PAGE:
Designing policy optimization algorithms for multi-agent reinforcement learning

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Zeng, Sihan
Romberg, Justin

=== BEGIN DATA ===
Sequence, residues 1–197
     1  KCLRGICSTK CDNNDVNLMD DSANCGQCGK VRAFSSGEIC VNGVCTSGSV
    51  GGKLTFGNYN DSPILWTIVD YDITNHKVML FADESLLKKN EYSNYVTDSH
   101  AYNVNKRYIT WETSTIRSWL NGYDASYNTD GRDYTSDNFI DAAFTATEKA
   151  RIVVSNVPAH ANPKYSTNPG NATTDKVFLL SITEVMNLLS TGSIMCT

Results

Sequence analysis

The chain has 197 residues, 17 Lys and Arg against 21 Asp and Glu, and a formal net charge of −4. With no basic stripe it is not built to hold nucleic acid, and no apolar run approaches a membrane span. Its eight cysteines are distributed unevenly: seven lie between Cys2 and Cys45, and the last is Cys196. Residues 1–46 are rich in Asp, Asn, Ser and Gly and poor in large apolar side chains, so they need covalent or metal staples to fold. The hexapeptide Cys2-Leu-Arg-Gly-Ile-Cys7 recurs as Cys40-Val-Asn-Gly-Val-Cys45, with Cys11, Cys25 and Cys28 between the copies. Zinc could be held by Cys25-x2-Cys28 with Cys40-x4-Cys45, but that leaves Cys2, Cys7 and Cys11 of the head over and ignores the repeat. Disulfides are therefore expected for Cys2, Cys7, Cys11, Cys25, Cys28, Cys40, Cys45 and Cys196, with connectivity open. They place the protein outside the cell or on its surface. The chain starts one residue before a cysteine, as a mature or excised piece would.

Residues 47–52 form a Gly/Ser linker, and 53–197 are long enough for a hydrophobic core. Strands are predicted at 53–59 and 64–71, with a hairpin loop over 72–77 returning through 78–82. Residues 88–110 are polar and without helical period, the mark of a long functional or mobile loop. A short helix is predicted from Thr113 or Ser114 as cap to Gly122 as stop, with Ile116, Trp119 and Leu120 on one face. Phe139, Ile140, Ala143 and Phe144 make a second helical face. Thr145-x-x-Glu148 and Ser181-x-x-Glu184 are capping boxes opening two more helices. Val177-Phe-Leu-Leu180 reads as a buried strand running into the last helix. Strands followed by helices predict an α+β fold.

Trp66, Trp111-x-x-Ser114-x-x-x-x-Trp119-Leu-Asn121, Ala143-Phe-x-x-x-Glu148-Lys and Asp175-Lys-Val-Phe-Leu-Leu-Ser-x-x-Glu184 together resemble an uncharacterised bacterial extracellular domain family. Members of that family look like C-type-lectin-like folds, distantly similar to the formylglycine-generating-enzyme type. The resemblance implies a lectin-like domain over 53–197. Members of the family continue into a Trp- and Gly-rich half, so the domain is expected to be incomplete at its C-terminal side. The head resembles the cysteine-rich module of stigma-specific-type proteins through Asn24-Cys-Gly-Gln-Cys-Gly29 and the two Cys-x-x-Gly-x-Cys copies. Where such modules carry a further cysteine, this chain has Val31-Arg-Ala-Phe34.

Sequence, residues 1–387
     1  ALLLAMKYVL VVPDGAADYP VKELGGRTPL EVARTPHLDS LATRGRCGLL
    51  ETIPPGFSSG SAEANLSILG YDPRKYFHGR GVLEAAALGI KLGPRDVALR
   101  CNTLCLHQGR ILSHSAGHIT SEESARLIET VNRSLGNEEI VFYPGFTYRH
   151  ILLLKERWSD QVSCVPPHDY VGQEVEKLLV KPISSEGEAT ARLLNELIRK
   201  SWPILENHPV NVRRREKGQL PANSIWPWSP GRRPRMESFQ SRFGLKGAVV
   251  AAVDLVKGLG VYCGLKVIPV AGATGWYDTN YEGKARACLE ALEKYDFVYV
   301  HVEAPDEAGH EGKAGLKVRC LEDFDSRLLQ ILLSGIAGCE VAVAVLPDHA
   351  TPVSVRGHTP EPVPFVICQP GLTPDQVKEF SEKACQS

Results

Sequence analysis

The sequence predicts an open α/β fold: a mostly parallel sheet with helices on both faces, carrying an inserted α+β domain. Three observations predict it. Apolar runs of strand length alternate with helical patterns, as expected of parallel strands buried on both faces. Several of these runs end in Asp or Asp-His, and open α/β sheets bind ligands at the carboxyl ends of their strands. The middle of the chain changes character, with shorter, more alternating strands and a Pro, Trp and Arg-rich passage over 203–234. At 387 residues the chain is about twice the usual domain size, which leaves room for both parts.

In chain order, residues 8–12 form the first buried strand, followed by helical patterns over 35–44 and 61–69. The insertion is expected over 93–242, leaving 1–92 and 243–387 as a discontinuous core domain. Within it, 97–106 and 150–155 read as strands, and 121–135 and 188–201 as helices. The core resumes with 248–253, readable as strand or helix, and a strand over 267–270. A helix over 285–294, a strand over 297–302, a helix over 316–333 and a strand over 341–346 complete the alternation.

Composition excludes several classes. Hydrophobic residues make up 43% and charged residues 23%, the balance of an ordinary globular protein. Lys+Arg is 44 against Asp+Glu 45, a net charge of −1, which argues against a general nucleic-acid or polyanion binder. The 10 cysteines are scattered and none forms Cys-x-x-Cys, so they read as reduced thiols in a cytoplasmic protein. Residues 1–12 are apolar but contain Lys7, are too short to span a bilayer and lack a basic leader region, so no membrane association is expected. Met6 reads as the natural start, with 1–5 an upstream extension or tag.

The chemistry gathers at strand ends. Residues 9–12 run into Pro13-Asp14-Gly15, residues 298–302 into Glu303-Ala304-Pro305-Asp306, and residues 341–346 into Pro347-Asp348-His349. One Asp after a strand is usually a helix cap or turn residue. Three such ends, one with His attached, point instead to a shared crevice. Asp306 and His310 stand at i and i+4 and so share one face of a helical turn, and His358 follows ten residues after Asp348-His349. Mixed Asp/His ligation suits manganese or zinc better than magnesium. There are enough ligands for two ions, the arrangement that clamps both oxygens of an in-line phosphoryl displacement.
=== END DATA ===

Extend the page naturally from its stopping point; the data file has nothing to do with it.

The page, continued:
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Multi-agent reinforcement learning (RL) studies the sequential decision-making problem in the setting where multiple agents exist in an environment and jointly determine the environment transition. The relationship between the agents can be cooperative, competitive, or mixed depending on how the rewards of the agents are aligned. Compared to single-agent RL, multi-agent RL has unique and complicated structure that has not been fully recognized. The overall objective of the thesis is to enhance the understanding of structure in multi-agent RL in various settings and to build reliable and efficient algorithms that exploit and/or respect the structure. First, we observe that many data-driven algorithms in RL such as the gradient temporal difference learning and actor-critic algorithms essentially solve a bi-level optimization problem by tracking an artificial auxiliary variable in addition to the decision variable and updating them at different rates. We propose a two-time-scale stochastic gradient descent method under a special type of gradient oracle which abstracts these algorithms and their analysis in a unified framework. We characterize the convergence rates of the two-time-scale gradient algorithm under several structural properties of the objective functions common in RL problems. Targeting single-agent RL problems, this framework builds the mathematical foundation for designing and studying data-driven multi-agent RL algorithms that we will later deal with. Second, we consider multi-agent RL in the fully cooperative setting where a connected, decentralized network of agents collaborates to solve multiple RL tasks. Our first problem formulation deploys one agent to each task and considers learning a single policy that maximizes the average cumulative return over all tasks. We characterize the key structural differences between multi-task RL and its single-task counterpart, which make multi-task RL a fundamentally more challenging problem. We then extend our formulation by considering maximizing the average return subject to constraints on the return of each task, which forms a more flexible framework and is potentially more practical for modeling multi-task RL applications in real life. We propose and study decentralized (constrained) policy gradient algorithms for optimizing the objectives in these two formulations and validate our analysis with enlightening numerical simulations. While the previous chapter studies cooperative agents, we now shift our focus to the case where the agents compete with each other. We study the two-player zero-sum Markov game, which is a special case of competitive multi-agent RL naturally formulated as a nonconvex- nonconcave minimax optimization program, and consider solving it with the simple gradient descent ascent (GDA) algorithm. The non-convexity/non-concavity of the underlying objective function poses significant challenges to the analysis of the GDA algorithm. We introduce strong structure to the Markov game with an entropy regularization. We apply GDA to the regularized objective and propose schemes of adjusting the regularization weight to make the GDA algorithm efficiently converge to the global Nash equilibrium. The works we have discussed so far treat RL from the perspective of optimization. In the final chapter, we apply RL to solve optimization problems themselves. Specifically, we develop a multi-agent RL based penalty parameter selection method for the alternating cur- rent optimal power flow (ACOPF) problem solved via ADMM, with the goal of minimizing the number of iterations until convergence. Our method leads to significantly accelerated ADMM convergence compared to the state-of-the-art hand-designed parameter selection schemes and exhibits superior generalizability.
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